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Radon is a naturally occurring radioactive gas that can potentially escape into your home from the soil and rock beneath it[1]. Points of entry to your home usually involve seeping of the gas through cracks or around pipes and drains or via open piping like those bringing water to sump pumps, and occasionally from household use of water that has high radon levels. Homes in Canada are typically well sealed and insulated to trap heat indoors during the winter period.  If radon enters the home, this can result in increased radon concentrations in homes[2]. While there are 3 naturally occurring isotopes of radon, the most concerning is radon-222 as it has the longest half-life of 3.8 days.

Radon-222 is part of the uranium-238 decay series, and since uranium-238 is commonly found in rocks all over the world, we end up with radon gas being created all over the Earth. As it is a gas, it can come up out of the rocks and ground. As radon decays, it forms several more short-lived radioactive atoms known as short-lived radon daughters which attach to dust and other particles and can be inhaled into the lungs. When radon and its short-lived daughter products decay, the atoms give off an alpha particle, which is very damaging to human tissue and is a known carcinogen. Consequently, elevated levels of radon gas exposure are the leading cause of lung cancer among non-smokers in Canada, and the second leading cause of lung cancer overall[3]. The International Agency for Research on Cancer (IARC) has classified radon as a Group 1 carcinogen, meaning it is known to be carcinogenic to humans[4]. It is estimated that more than 3,000 Canadians die every year from radon exposure.

Health Canada recommends that remedial measures be undertaken in a dwelling whenever the average annual radon concentration exceeds 200 Bq/m³ in a normal occupancy area[5] [6]. This guideline for radon includes residential homes and public buildings with a high occupancy rate by members of the public, such as schools, hospitals, long term care residences, and correctional facilities. To protect occupants from radon exposure, the guideline urges building owners to test the air within their buildings for radon and take appropriate action to reduce elevated radon levels to below the Canadian guideline for exposure to radon. The guideline advises that if radon concentration is found to be greater than 600 Bq/m³, then remedial actions[7] are recommended to be completed in less than a year. If radon concentrations are between 200 Bq/m³ to 600 Bq/m³, then remedial actions should be completed in less than two years. Excluded from this guideline are uranium mines regulated by the Canadian Nuclear Safety Commission (CNSC), other mines (regulated by provincial mining authorities) and other workplaces which would be addressed by existing guidelines for Naturally Occurring Radioactive Materials (NORM)[8].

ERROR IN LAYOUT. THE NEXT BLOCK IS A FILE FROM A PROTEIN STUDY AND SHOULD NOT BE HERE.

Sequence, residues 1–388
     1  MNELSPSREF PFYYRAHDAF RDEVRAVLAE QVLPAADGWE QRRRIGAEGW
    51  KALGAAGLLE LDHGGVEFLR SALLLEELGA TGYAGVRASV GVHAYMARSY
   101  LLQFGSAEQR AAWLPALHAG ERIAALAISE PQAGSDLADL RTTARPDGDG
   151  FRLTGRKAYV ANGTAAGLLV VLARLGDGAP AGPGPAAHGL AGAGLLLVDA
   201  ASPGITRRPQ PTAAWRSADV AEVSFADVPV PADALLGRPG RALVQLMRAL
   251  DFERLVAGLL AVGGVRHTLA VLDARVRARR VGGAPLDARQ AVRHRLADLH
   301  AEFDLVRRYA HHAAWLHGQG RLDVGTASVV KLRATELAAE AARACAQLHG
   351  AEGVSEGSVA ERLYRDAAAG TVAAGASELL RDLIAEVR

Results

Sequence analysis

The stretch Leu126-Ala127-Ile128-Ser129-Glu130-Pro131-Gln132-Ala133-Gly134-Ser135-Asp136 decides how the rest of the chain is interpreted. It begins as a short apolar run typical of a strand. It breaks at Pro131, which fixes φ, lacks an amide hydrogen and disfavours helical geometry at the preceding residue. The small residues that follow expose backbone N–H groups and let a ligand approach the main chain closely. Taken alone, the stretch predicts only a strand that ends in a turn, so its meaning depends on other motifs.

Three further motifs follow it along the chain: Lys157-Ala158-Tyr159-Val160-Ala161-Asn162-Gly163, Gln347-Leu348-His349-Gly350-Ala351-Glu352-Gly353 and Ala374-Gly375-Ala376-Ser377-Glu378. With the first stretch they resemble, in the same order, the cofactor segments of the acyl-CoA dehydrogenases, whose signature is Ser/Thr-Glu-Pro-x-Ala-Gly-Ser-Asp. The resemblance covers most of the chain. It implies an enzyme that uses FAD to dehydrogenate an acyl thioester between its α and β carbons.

Radon has no colour or odour and cannot be detected by human senses. The only way to know if your home or facility has high radon levels is to test it using a reliable device. There are several types of radon monitors available on the market, ranging from professional-grade devices that are certified by the Canadian National Radon Proficiency Program (C-NRPP)[9] to consumer-grade devices that are not certified. The C-NRPP oversees the national certification program of certified measurement professionals and mitigation professionals and ensures the quality and professionalism of radon services in Canada[10]. Since 2019, Pam Warkentin, Executive Director of the C-NRPP and the Canadian Association of Radon Scientists and Technologists (CARST) in collaboration with Brian Bjorndal, Director of the Radiation Safety Institute of Canada (RSIC) Fergal Nolan National Laboratories located in Saskatoon, have participated in an ongoing study evaluating the performance of consumer-grade electronic radon monitors that are sold online or in stores in Canada[11]. The purpose of the study was “to compare the performance of the different consumer-grade electronic radon monitors and determine which factors should be considered when using these monitors to inform mitigation decisions.” The study strived to comprehensively measure the accuracy, precision, and reliability of consumer grade electronic monitors under different test conditions at the RSIC’s National Radon Chamber[12].